There are very few figures in contemporary medicine more polarizing than than Dr. Jack Kevorkian. It's telling that both his defenders and his detractors refer to him — with, respectively, a sense of pride and a tinge of fear — as "Dr. Death". The subject of a new HBO original movie directed by Barry Levinson, You Don't Know Jack, is perceived by many as the vanguard of a movement no less serious and noble than any of the great civil rights victories of the past. Others see him as, essentially, a serial killer.
To Levinson and screenwriter Adam Mazer's credit, they make it clear what side they're on without making it obvious or didactic. A more partisan approach would have sunk the story; if you're making a movie about the pioneer of doctor-assisted suicide, after all, the mere facts of the case speak for themselves. There are innumerable moments that illustrate why some people think of Kevorkian in terms of prowling murderers: he cruises the streets of a very downbeat-looking Michigan in the front of a beat-up van, lurking outside his patients' houses and constantly in fear of the police. When his niece lets law enforcement agents get on his trail by paying for the materials he needs to carry out an assisted suicide by check, he berates her mother in a diner in a scene lifted straight from a gangster movie. And his curious habit of painting grotesque images signed in his own blood conjure creepy thoughts of John Wayne Gacy.
And yet, it's just as easy to humanize the man and his message, again simply by showing the truth. His cantankerous relationship with his sister, his supreme moral confidence that he is doing a work of supreme humanitarian importance, his struggles to continue his work on a shoestring and contempt for "doctors who care more about their stock portfolios than their patients", all paint a picture of a man who is anything but a thoughtless killer. And we are repeatedly shown footage, drawn from Kevorkian's own meticulously documented case files, how he refused innumerable patients' requests to die — people who were severely depressed, not near enough to being terminal, or approaching temporary problems with a permanent approach — hardly makes him seem like an indiscriminate murderer.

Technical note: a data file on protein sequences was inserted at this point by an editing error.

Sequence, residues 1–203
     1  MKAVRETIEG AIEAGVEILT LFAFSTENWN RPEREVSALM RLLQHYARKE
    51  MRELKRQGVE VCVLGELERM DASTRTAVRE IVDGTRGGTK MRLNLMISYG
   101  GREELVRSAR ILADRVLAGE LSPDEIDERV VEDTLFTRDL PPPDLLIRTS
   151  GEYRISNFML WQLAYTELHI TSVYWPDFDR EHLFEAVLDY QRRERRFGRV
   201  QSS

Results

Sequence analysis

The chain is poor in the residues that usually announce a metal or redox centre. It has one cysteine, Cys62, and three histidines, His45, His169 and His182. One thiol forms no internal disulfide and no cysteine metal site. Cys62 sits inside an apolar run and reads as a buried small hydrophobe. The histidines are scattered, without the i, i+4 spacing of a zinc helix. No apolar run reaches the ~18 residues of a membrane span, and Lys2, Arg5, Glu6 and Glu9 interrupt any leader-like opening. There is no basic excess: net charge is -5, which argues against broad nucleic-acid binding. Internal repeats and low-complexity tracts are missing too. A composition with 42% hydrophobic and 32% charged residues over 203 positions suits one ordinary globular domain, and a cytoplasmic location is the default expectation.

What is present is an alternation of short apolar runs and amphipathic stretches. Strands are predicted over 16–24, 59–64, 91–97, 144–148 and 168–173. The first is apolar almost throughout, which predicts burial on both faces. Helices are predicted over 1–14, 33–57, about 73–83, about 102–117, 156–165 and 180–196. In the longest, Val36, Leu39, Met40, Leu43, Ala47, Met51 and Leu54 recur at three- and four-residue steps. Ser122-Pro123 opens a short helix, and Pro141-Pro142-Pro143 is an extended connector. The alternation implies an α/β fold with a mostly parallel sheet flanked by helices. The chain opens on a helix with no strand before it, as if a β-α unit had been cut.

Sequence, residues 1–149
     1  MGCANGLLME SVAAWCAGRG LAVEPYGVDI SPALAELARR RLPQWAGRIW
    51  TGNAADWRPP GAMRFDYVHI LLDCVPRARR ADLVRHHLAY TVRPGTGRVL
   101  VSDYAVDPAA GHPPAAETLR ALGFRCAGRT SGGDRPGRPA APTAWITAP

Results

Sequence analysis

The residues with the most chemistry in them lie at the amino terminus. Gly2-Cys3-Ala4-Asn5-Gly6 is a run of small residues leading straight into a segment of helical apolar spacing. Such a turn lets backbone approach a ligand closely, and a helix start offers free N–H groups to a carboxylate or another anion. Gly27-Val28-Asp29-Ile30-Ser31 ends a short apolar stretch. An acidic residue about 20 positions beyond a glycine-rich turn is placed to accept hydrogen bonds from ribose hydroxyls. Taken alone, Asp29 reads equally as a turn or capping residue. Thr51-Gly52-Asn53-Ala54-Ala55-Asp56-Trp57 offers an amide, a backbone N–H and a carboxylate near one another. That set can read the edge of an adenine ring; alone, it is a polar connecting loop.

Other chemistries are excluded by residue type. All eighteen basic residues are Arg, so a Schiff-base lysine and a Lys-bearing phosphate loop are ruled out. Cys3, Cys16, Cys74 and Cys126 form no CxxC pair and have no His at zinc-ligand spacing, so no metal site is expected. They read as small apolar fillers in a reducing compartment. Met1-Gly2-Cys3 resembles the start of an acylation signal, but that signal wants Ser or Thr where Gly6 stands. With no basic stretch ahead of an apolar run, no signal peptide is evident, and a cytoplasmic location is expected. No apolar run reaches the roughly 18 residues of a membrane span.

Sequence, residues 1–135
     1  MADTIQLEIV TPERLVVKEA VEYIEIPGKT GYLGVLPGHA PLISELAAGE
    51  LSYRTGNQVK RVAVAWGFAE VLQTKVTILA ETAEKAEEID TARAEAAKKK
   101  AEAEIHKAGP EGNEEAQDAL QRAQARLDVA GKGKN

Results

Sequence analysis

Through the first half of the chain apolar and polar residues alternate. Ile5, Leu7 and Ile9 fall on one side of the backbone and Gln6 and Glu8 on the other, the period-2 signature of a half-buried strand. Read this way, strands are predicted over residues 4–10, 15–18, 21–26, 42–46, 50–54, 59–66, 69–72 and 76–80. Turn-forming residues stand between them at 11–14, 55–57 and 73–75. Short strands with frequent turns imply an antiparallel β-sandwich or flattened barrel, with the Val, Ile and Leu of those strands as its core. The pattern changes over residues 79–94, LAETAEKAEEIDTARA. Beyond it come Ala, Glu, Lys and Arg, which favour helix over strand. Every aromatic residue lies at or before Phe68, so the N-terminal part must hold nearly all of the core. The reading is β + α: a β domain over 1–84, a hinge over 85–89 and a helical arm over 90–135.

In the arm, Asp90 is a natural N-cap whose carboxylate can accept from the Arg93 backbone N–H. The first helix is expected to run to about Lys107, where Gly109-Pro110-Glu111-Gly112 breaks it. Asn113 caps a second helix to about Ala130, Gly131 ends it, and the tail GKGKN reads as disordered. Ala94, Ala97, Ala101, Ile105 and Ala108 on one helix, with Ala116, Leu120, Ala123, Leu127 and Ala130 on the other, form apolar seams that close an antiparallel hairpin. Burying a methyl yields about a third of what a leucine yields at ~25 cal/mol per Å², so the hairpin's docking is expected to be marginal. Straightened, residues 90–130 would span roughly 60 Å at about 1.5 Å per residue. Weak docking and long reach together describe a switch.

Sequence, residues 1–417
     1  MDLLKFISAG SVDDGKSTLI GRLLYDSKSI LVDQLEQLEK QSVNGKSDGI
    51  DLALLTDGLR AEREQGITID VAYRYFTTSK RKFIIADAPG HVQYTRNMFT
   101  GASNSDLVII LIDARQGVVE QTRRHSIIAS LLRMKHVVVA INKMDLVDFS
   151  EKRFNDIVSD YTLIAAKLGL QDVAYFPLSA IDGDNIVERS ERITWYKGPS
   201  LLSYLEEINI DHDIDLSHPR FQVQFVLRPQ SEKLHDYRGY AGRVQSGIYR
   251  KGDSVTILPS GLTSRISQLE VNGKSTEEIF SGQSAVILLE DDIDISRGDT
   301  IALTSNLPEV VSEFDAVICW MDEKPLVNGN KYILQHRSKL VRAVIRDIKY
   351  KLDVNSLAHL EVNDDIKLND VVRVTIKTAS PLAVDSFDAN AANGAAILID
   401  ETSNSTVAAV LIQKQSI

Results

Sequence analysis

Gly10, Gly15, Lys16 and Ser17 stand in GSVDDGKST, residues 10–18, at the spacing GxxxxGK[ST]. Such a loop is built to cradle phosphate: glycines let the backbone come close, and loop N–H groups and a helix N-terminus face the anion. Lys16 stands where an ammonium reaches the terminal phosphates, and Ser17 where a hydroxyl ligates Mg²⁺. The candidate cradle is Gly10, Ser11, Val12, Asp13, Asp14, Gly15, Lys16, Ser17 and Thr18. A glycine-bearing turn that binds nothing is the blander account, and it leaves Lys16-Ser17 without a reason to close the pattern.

Levinson was a very good choice to direct You Don't Know Jack; despite the international acclaim Kevorkian achieved, he operated on a very small scale in generally run-down conditions, visiting patients in the humblest surroundings and treating people who didn't have the resources to seek out the best possible end-of-life treatment. (Mazer doesn't press the class issues raised by Kevorkian's work too hard, but neither does he shy from them.) And Levinson's skill and experience in filming the downscale side of Baltimore, and his affinity for grandstanding outsiders, makes him the perfect man to tell Kevorkian's story, as much of which plays out in cheap diners, dark parking lots, and beat-up apartments as it does in well-lit television studios and grand courtrooms.